Published on 21st January 2020
Magnum – The Serpent Rings
One of the treats of being a prog fan is receiving any copy of a new album adorned with the fantasy art of either Roger Dean or Rodney Matthews. Matthews has taken on the duties once again to produce a fine cover for Magnum’s latest. Before I even had the chance to hear the urgent strings of the Wolf Kerschek Studio Orchestra burst into life for the opening to Where Are You Eden?, I couldn’t help but notice the detail of a number 21 amongst the Tolkein-esque creatures. Is this really Magnum’s 21st studio album? A distant memory of listening to Vigilante on my Sony Walkman as a kid whilst travelling on the X90 to London’s second-hand record shops pops into my head…
Such nostalgia might seem trivial, but it highlights a not inconsiderable detail for the lifelong Magnum fan. How does a band with such an extensive discography (one made all the more impressive by their lengthy hiatus during the ’90s) continue to sound fresh whilst still retaining that delicate balance between mainstream rock and prog that saw an album like On A Storyteller’s Night become their own diamond-standard and the envy of many a band who wished they had half of the song-writing talent of Tony Clarkin?
A little over two years ago, long-standing Magnum keyboardist Mark Stanway left the band. He was replaced by Rick Benton and, soon after, they released Lost on the Road to Eternity. Without wishing to be unkind to Stanway, this album breathed new life into the band. Benton’s arrangements of the keyboard parts were excellent and, along with some of Clarkin’s best compositions in years, and an enriched orchestral sound, Magnum put together what, I think, is their best effort since they reformed.
Happily, The Serpent Rings maintains the band’s new lease of life and is a magnificent follow-up, if not quite its equal. The opener, the aforementioned Where Are You Eden?, rumbles into life with the orchestra’s strings which then ignite a Wings of Heaven-era rocker that the band have proudly been presenting as a foretaste for the album. You Can’t Run Faster Than Bullets suggests business as usual with a chugging guitar riff that carries the chorus’s vocal melody. Bob Catley really pushes his voice here.
By the third track, the album really starts to take off. Madman Or Messiah treats the listener to a delightful mix of a Supertramp-y verse, a memorably melodic chorus and a guitar solo that is classic Clarkin. The Archway of Tears is undoubtedly the album’s finest cut. The opening piano speaks of a no-nonsense rock ballad. I mentioned Wings of Heaven earlier on, and I think this is a song that would sit comfortably alongside such auspicious company as Wild Swan and Start Talking Love. The chorus will be stuck in your head long after the song’s over.
Along with …Eden?, Not Forgiven is the other track that the band have released in advance of the album. It’s easy to see why this was one of the choices, with the sort of guitar riff one expects from the Seventies rock songbook, there’s an affectionate nod to their earliest work and another solid chorus which plays to all of Catley’s still considerable vocal strengths.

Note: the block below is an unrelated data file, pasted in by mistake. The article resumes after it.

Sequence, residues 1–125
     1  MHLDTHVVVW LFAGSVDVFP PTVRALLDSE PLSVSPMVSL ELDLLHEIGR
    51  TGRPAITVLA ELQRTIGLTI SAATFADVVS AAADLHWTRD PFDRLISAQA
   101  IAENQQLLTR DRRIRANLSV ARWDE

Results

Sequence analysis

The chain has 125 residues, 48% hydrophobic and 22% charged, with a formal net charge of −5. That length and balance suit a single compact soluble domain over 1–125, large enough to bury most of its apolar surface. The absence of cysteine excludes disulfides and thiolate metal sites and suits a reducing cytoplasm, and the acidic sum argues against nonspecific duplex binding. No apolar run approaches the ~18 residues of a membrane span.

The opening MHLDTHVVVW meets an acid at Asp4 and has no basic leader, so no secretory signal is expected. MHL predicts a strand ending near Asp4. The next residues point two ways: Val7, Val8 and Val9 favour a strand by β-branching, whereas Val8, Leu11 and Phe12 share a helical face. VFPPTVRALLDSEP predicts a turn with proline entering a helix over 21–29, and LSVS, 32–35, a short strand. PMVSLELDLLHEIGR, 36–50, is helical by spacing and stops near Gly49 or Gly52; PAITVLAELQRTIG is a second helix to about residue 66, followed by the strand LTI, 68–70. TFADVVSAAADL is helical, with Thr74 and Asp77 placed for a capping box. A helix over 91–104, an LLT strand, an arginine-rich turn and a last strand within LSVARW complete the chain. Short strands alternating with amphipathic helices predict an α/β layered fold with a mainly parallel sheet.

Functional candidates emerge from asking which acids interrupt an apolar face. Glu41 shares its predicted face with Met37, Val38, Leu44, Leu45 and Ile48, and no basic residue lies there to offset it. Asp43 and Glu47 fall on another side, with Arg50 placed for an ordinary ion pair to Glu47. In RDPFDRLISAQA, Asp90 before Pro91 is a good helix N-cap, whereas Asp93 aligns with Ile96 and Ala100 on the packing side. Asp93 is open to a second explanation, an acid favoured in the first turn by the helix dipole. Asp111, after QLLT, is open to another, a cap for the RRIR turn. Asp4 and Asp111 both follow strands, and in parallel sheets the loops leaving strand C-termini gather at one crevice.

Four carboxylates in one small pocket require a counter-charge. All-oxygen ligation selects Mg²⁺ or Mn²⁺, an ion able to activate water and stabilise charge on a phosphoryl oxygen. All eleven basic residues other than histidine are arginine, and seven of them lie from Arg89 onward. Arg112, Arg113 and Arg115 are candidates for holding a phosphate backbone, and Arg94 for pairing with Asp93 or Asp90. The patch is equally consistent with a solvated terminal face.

At seven minutes, the title track is the album’s longest and opens with brooding strings and piano suggesting this might be Number 21’s epic. The Serpent Rings builds for over two minutes before hitting its first chorus. Another of the album’s highlights, this strikes just the right balance between orchestra, piano and guitar; there’s even an atmospheric closing section that slips through compound time into Japanese strings.
House of Kings marries its heavy rock to a jazz-infused Benton solo and The Great Unknown is no less successful in surprising the listener with its melodic and rhythmic contrasts. Man offers an off-beat reggae rhythm for its chorus whilst the unexpected chord changes on the verse of The Last One on Earth provide the contrast to a memorable chorus. The album is rounded off by the superb Crimson on the White Sand which I have little doubt may well become a fan favourite; I love the simple but effective keyboard line that underlies the vocals on the chorus and the Medievalism of the middle section is sure to please Storyteller’s… fans. Round all of this off with lyrics that thoughtfully situate themselves amongst the current social and political dilemmas and this is a Magnum album to savour.
01. Where Are You Eden? (5:37)
02. You Can’t Run Faster Than Bullets (5:37)
03. Madman or Messiah (5:21)
04. The Archway of Tears (6:21)
05. Not Forgiven (5:49)
06. The Serpent Rings (6:55)
07. House of Kings (4:47)
08. The Great Unknown (5:27)
09. Man (5:26)
10. The Last One on Earth (3:32)
11. Crimson on the White Sand (4:54)
Total Time – 59:46
Bob Catley – Vocals
Tony Clarkin – Lead Guitar, Vocals
Rick Benton – Keyboards
Lee Morris – Drums
Dennis Ward – Bass Guitar, Backing Vocals
Record Label: Steamhammer
Catalogue#/Format: CD – SPV267262; Vinyl – SPV267269; Limited Box; Digital Download
Country of Origin: U.K.
Date of Release: 17th January 2020